Dr. Fidler outlines significant psychological problems on the part of the wife. These problems are having a direct effect on the children. In addition, she states that the wife has demonstrated “significant difficulty complying with Court Orders” and a “notable disregard for authority.” This is reflected in the number of motions before the court to require compliance with Orders and agreements. Indeed, as recently as February 10, the parties signed a consent, compliance with which is already in issue.
Dr. Fidler states that the children are at “substantial risk” as a result of the mother’s conduct. She gives examples of the effects of her conduct on D., the oldest child and recommends therapy for her. She also recommends therapy for the wife. The wife refuses to acknowledge the effect of her behaviour on the children.
I am concerned that each day that goes by creates more and more risk that these children will be further alienated from their father and consequently permanently harmed. A remedy cannot wait until trial.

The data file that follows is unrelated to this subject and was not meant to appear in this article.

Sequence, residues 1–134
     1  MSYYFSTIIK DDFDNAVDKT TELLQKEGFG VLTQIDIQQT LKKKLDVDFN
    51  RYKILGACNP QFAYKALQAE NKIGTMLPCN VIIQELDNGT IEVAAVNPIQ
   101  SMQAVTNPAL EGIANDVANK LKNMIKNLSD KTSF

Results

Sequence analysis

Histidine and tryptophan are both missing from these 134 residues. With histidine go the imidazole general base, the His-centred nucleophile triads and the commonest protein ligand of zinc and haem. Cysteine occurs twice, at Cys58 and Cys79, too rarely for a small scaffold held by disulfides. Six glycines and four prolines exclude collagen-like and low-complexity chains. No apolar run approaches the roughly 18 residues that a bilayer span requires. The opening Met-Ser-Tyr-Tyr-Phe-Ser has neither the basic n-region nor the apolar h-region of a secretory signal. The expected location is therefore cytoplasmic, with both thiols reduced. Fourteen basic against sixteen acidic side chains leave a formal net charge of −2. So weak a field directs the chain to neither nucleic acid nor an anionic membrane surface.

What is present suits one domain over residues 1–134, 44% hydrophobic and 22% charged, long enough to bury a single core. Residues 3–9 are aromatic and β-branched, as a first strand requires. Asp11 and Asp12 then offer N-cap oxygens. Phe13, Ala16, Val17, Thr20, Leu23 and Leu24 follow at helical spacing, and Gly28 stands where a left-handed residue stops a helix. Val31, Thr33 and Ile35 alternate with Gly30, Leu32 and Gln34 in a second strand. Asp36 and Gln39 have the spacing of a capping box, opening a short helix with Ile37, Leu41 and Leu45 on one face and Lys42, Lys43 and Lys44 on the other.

I therefore order:
1. The recommendations of Dr. Fidler with respect to the parenting plan will be implemented by the parties. The parenting plan, including overnights with the father, will be incorporated into my Order. I recognize that this is an expansion from the consent signed by the parties on February 10. However, I am firmly of the view that these children require maximum time with their father immediately.
2. The wife is to submit to counseling (as outlined by Dr. Fidler) to address the issues contained in the assessment report. It is mandatory that this commence immediately for two reasons: to address the ongoing risk to the children and to assist the trial judge.
3. The father is to arrange for counseling for D. to start as soon as possible. He will be entitled to take D. to her appointments whether or not the appointments fall within his parenting time. While I urge him to consult with the mother on all issues concerning D., in the event of disagreement, he will have the final decision making on this issue. He is to keep the wife informed of all matters in this regard and the wife is entitled to information directly from the counselor. I urge her to be involved in this process and to co-operate with her husband for the child’s benefit.
4. As long as the mother complies with the terms of this order, there will be no change in the primary residence of the children.
Reading through the January 2009 court decision, it is so very clear that K.D. is a mentally ill mother who likely became so due to child abuse from her own mother. She is a poster child for how child abuse creates mothers who will likewise abuse and control their own children.